Thursday, May 21, 2009

Charlatans and alternative medicine are still a big part of medical practice. When conventional therapies are no longer effective and life is threatened, people resort to almost anything offered as a lifeline. In the news this week is the story about a mother in Minnesota who is defying a court order for her son to get chemotherapy and radiation for his Hodgkins Disease. They are on the run from the law and have probably fled the country. She says she doesn’t want poisons put into his body, but instead is going to get herbs, vitamins and prayer for his treatment. Hodgkins is a highly curable cancer. He has a 95% chance of dying without treatment and a greater than 90% chance for cure with treatment.

The movie actress Farrah Fawcett has cancer of the anus with metastasis to the liver. A couple of years ago she refused the surgery, which would require a colostomy, and offered the greatest chance for cure. Now that she has advanced disease she is off to Europe to seek unconventional and alternative treatments that will almost certainly be of no avail.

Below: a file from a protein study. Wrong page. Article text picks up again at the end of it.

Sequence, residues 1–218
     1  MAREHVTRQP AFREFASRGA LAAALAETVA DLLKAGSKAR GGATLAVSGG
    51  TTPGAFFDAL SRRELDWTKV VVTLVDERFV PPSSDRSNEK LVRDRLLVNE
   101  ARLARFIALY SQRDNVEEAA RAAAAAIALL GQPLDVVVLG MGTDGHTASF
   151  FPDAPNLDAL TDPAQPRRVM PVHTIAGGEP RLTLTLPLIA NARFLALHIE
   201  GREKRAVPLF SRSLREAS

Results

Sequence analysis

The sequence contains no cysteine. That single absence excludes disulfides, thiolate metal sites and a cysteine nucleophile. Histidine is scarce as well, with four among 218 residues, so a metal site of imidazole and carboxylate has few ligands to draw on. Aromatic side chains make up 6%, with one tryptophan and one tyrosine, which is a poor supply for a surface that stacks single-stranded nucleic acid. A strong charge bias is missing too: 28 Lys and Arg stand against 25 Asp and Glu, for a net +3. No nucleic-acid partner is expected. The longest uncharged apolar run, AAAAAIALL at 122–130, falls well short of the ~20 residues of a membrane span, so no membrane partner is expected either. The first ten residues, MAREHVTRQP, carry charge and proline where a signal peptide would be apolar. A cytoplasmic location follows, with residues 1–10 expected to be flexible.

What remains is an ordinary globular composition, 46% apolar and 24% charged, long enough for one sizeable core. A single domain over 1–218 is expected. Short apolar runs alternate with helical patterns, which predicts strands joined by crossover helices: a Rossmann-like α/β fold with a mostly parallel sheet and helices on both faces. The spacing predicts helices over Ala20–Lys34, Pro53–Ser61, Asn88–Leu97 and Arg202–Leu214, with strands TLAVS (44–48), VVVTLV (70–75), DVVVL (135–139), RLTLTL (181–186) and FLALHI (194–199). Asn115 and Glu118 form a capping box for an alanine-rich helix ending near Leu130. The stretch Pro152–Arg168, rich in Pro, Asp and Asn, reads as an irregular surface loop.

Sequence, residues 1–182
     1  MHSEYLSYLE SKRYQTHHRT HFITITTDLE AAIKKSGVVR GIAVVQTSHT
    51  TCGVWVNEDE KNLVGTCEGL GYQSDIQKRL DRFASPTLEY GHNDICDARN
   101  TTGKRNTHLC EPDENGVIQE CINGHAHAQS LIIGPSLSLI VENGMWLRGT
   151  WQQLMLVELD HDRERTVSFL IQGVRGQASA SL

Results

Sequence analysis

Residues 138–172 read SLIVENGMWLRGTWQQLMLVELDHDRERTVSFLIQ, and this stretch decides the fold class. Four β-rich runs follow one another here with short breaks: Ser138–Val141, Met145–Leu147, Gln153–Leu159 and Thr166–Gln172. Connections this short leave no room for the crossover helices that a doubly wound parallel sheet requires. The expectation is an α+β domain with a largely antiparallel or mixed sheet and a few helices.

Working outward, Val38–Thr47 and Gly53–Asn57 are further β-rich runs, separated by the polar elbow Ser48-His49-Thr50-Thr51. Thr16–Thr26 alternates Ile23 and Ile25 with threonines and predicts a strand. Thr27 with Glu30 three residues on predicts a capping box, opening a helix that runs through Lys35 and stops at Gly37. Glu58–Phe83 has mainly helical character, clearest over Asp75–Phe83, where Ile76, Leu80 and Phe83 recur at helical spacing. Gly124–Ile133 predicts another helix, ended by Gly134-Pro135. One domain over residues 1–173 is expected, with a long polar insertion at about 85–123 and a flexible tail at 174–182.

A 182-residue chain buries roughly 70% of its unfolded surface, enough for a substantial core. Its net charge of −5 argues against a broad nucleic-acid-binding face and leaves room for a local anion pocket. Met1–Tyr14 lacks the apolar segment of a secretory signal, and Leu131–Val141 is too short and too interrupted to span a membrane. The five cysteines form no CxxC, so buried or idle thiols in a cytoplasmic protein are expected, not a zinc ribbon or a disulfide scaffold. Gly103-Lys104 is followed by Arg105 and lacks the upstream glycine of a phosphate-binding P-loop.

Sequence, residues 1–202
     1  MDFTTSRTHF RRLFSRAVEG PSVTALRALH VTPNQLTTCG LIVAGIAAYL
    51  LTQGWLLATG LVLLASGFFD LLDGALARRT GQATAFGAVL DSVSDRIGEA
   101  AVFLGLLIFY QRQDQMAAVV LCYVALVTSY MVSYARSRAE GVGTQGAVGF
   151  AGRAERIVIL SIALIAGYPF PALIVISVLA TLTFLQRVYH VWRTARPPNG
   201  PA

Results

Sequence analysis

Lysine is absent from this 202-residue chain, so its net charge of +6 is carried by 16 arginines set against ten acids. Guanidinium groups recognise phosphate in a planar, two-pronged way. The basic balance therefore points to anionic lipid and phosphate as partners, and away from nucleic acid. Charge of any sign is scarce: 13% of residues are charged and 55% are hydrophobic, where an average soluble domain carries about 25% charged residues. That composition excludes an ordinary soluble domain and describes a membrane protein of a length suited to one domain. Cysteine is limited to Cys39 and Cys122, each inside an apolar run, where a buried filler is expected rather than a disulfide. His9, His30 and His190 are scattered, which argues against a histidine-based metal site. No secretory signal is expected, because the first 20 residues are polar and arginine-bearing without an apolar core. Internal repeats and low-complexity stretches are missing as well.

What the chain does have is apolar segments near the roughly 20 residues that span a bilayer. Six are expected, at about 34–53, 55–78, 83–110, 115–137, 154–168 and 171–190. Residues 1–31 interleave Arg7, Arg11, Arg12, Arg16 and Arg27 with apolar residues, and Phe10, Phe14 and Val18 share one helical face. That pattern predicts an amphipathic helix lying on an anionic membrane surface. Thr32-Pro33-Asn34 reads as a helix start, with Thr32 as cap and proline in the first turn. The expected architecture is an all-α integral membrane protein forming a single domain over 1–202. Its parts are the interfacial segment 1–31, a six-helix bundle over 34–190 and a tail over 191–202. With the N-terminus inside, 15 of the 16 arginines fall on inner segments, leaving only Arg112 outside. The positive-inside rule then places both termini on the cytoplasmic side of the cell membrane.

Medicine has always had plenty of wonder cures and alternative therapies. They were very popular at the turn of the 20th century but are still with us today. The most notorious of the charlatans was John R. Brinkley, also know as the goat doctor. He implanted testicles of the goat into men who were impotent or seeking enhancement of their libido. A more reputable and highly successful doctor, who had some pretty good ideas, was Dr. John Kellogg of Battle Creek, Michigan. He invented corn flakes and peanut butter and was the founder of the great cereal company. He started with a Sanitarium where people checked in to rid their bodies of toxins. Dr. Kellogg was convinced that toxins were the cause of most of our problems and eating meat was the main culprit. The patients were placed on a strict vegetarian diet and given five enemas a day. The enemas consisted of yogart that was used to reestablish the normal bacterial flora in the colon.

We laugh at some of the old treatments and remedies but my grandchildren will be getting a kick out of some of the ridiculous things done today in the name of science.

As I sit on the porch, I keep an eye out for a rare white deer that I would definitely kill. These deer usually have a bezoar or stone in their stomach called a madstone. This stone has all sorts of healing powers and I would give anything to have one.


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